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In 1843, a 16-year-old Canadian housemaid named Grace Marks was tried for the murder of her employer and his mistress. The sensationalistic trial made headlines throughout the world, and the jury delivered a guilty verdict. Yet opinion remained fiercely divided about Marks--was she a spurned woman who had taken out her rage on two innocent victims, or was she an unwilling victim herself, caught up in a crime she was too young to understand? Such doubts persuaded the judges to commute her sentence to life imprisonment, and Marks spent the next 30 years in an assortment of jails and asylums, where she was often exhibited as a star attraction. In Alias Grace, Margaret Atwood reconstructs Marks's story in fictional form. Her portraits of 19th-century prison and asylum life are chilling in their detail. The author also introduces Dr. Simon Jordan, who listens to the prisoner's tale with a mixture of sympathy and disbelief. In his effort to uncover the truth, Jordan uses the tools of the then rudimentary science of psychology. But the last word belongs to the book's narrator--Grace herself. --This text refers to an out of print or unavailable edition of this title.
Intrigued by contemporary reports of a sensational murder trial in 1843 Canada, Atwood has drawn a compelling portrait of what might have been. Her protagonist, the real life Grace Marks, is an enigma. Convicted at age 16 of the murder of her employer, Thomas Kinnear, and his housekeeper and lover, Nancy Montgomery, Grace escaped the gallows when her sentence was commuted to life in prison, but she also spent some years in an insane asylum after an emotional breakdown. Because she gave three different accounts of the killings, and because she was accused of being the sole perpetrator by the man who was hanged for the crime, Grace's life and mind are fertile territory for Atwood. Adapting her style to the period she describes, she has written a typical Victorian novel, leisurely in exposition, copiously detailed and crowded with subtly drawn characters who speak the embroidered, pietistic language of the time. She has created a probing psychological portrait of a working-class woman victimized by society because of her poverty, and victimized again by the judicial and prison systems. The narrative gains texture and tension from the dynamic between Grace and an interlocutor, earnest young bachelor Dr. Simon Jordan, who is investigating the causes of lunacy with plans to establish his own, more enlightened institution. Jordan is hoping to awaken Grace's suppressed memories of the day of the murder, but Grace, though uneducated, is far wilier than Jordan, whom she tells only what she wishes to confess. He, on the other hand, is handicapped by his compassion, which makes him the victim of the wiles of other women, too?his passionate, desperate landlady, and the virginal but predatory daughter of the prison governor. These encounters give Atwood the chance to describe the war between the sexes with her usual wit. Although the narrative holds several big surprises, the central question?Was Grace dupe and victim or seductress and instigator of the bloody crime??is left tantalizingly ambiguous. Major ad/promo; author tour.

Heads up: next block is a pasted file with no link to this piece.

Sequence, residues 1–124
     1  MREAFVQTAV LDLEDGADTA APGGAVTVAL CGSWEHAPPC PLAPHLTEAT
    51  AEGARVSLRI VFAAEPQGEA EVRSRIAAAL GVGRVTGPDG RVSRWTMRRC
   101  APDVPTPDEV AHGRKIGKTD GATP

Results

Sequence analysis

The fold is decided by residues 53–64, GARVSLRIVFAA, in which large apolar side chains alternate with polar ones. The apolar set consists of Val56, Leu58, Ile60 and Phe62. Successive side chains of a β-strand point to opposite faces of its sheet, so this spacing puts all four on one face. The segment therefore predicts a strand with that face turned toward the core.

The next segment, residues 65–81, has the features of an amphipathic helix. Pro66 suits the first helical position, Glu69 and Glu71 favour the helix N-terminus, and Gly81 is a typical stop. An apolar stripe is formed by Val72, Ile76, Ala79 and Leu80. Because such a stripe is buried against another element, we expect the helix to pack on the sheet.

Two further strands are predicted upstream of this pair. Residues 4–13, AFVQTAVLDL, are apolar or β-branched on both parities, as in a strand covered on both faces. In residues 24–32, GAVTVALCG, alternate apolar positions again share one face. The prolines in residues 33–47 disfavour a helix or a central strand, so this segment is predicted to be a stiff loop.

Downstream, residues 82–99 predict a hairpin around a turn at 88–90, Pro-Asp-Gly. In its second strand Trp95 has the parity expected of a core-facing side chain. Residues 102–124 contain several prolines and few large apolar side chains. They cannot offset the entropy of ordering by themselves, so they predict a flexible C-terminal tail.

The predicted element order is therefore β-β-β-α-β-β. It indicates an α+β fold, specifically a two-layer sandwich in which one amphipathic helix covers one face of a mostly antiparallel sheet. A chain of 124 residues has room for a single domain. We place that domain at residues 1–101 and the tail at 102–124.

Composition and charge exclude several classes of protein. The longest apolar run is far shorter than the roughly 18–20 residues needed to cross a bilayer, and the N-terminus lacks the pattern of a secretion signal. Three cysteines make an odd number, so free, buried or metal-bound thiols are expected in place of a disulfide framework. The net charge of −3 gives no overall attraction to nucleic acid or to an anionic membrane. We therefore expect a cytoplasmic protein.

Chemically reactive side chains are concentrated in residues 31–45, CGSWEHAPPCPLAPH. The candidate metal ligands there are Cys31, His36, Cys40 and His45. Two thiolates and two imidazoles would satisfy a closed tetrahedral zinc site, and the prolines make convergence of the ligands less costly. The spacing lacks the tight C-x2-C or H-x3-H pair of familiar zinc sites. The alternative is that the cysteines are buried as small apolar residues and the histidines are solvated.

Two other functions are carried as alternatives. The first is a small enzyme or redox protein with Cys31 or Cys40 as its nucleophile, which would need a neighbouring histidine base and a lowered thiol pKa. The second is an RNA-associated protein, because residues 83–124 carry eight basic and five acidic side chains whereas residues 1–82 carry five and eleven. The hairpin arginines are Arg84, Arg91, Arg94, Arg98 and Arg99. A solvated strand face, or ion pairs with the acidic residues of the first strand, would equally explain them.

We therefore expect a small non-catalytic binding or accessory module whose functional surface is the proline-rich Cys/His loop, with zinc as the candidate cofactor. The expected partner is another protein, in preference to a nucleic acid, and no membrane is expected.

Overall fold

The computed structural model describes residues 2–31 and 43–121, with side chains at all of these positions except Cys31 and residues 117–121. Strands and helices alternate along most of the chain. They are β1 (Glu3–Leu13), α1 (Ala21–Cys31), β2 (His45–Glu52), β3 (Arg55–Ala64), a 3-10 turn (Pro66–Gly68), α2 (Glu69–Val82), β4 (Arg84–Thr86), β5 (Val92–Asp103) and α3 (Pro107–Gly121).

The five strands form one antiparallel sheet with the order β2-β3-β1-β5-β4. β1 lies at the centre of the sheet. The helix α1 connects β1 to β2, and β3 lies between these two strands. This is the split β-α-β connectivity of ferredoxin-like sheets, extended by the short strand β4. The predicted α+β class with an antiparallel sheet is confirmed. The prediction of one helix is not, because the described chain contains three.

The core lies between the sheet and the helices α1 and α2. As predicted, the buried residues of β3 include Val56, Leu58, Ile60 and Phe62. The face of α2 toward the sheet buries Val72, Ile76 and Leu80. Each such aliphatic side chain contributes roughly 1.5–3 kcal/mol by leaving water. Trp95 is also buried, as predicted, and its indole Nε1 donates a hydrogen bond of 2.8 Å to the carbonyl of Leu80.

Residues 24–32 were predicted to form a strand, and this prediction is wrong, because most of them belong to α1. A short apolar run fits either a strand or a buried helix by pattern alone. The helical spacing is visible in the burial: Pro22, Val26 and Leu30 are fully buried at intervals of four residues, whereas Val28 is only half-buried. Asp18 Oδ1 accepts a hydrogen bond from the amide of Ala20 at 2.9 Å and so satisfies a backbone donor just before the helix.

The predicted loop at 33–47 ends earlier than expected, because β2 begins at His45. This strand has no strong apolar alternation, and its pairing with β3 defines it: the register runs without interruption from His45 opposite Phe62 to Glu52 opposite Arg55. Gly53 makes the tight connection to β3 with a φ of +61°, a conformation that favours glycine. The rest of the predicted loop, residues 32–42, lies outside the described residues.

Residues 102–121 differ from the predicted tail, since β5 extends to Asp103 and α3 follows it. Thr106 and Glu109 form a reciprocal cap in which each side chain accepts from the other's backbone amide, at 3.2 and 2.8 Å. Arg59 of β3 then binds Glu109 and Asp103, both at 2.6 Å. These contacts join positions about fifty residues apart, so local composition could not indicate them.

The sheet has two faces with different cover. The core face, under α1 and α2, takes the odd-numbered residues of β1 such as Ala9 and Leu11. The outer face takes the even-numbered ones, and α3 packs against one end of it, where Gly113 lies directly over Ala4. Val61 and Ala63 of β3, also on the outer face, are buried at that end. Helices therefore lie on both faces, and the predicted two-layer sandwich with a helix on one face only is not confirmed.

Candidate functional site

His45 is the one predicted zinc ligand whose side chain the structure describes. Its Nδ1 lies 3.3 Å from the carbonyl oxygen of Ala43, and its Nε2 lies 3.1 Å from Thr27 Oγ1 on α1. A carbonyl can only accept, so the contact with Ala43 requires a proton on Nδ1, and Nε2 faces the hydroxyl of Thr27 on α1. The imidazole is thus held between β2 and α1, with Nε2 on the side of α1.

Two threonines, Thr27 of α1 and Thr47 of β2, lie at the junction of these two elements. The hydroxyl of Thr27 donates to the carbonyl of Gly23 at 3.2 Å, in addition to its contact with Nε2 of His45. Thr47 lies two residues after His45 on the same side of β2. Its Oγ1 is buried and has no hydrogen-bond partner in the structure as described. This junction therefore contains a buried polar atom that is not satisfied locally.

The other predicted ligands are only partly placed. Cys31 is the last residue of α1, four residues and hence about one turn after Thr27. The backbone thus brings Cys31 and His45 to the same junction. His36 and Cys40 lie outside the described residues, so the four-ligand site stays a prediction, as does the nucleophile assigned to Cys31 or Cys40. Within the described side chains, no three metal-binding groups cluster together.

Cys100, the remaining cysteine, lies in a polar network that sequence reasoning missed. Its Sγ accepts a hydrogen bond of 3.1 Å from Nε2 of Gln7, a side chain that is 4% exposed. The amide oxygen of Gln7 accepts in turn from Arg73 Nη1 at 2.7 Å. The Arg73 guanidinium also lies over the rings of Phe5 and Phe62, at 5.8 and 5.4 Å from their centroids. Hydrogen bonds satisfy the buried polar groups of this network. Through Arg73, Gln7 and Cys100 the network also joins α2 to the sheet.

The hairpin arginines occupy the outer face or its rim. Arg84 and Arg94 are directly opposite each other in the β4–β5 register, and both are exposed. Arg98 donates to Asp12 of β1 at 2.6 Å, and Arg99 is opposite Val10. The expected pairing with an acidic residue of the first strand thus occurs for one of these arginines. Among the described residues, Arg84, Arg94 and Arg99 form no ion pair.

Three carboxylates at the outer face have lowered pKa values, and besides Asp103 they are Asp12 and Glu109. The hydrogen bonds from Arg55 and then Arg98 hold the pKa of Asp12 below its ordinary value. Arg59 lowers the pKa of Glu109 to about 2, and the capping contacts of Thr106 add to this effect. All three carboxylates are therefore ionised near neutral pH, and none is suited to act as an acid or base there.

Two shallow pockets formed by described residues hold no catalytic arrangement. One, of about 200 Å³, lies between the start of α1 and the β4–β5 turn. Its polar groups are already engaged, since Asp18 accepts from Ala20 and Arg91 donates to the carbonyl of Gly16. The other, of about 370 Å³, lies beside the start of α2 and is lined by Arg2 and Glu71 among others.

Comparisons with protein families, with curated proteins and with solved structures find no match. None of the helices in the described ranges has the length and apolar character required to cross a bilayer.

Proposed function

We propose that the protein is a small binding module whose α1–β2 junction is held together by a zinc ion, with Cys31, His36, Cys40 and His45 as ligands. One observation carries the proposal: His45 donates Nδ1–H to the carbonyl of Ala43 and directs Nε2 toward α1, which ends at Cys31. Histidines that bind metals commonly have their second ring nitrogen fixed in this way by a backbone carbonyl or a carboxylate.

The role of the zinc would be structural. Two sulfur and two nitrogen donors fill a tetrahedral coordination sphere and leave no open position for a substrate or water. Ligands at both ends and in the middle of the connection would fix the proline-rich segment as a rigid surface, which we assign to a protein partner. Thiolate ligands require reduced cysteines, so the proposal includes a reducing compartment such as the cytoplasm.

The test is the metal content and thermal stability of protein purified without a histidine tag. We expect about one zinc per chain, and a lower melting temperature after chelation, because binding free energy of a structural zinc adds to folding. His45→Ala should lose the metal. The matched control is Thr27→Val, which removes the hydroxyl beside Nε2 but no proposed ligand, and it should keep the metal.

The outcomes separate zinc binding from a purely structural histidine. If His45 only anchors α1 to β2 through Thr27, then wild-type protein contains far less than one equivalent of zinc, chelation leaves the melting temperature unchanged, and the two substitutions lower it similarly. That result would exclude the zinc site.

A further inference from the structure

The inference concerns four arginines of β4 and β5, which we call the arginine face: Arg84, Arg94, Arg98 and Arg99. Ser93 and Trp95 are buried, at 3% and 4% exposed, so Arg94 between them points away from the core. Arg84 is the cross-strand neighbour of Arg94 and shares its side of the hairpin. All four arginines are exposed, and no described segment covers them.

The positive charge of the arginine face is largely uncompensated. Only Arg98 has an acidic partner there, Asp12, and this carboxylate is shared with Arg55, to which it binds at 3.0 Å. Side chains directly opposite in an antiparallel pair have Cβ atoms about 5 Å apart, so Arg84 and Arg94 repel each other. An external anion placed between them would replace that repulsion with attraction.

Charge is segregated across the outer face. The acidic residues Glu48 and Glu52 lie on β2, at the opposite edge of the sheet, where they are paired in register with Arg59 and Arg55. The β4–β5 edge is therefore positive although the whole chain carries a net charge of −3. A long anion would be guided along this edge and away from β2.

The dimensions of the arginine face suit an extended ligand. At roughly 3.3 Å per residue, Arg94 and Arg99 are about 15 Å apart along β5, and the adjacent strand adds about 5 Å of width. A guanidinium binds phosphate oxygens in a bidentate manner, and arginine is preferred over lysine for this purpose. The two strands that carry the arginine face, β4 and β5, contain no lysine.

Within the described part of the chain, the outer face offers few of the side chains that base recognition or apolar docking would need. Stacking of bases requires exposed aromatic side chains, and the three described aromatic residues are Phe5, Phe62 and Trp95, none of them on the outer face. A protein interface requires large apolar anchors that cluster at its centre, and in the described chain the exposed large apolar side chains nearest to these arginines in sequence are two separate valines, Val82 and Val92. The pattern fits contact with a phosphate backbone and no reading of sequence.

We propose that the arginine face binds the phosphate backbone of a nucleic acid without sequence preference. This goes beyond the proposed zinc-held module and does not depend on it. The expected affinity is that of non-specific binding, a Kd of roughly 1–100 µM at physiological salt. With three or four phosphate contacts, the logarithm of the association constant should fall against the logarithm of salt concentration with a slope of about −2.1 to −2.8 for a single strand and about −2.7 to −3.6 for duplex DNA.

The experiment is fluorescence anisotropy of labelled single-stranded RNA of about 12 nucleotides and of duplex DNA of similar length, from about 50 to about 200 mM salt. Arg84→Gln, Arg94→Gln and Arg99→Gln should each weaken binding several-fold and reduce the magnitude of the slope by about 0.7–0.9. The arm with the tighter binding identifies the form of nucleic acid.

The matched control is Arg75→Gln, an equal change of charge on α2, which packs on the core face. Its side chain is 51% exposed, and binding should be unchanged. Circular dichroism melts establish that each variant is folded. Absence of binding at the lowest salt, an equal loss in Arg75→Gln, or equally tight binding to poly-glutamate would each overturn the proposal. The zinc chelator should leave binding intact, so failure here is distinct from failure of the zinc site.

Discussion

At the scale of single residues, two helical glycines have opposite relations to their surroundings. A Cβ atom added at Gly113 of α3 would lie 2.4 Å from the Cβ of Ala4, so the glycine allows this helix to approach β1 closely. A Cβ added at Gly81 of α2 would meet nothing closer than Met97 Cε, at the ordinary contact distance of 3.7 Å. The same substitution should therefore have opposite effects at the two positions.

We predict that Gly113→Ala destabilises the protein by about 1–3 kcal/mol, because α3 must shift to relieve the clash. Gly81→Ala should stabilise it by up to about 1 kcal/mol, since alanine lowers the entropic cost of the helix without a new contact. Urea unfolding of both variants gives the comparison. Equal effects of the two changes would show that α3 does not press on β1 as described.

Copyright 1996 Reed Business Information, Inc. --This text refers to an out of print or unavailable edition of this title.
Well written and engaging. Interesting story based on historical events. It kept me guessing, which was refreshing.Published 1 month ago by HB Jennie
Wonderful book. What a travesty of justice for the young immigrant girl.Published 1 month ago by Michael J McClelland
this is one of the books one reads and feels secure in the arms of the writer. knowing that, no matter the destination, you will enjoy the ride as well...Published 2 months ago by Isaac Mizrahi
This is a fascinating story and the characters are very well-drawn. At times, the story seems to drag and the character of Dr. Jordan seems incomplete somehow.Published 2 months ago by Dona M. Wylie
This book was highly enjoyable. Not the best thing I've ever read, but definitely worthwhile.Published 2 months ago by Sarah L.
Couldn't put it down. Especially interesting because it comes from a true story.Published 3 months ago by Mary Mertz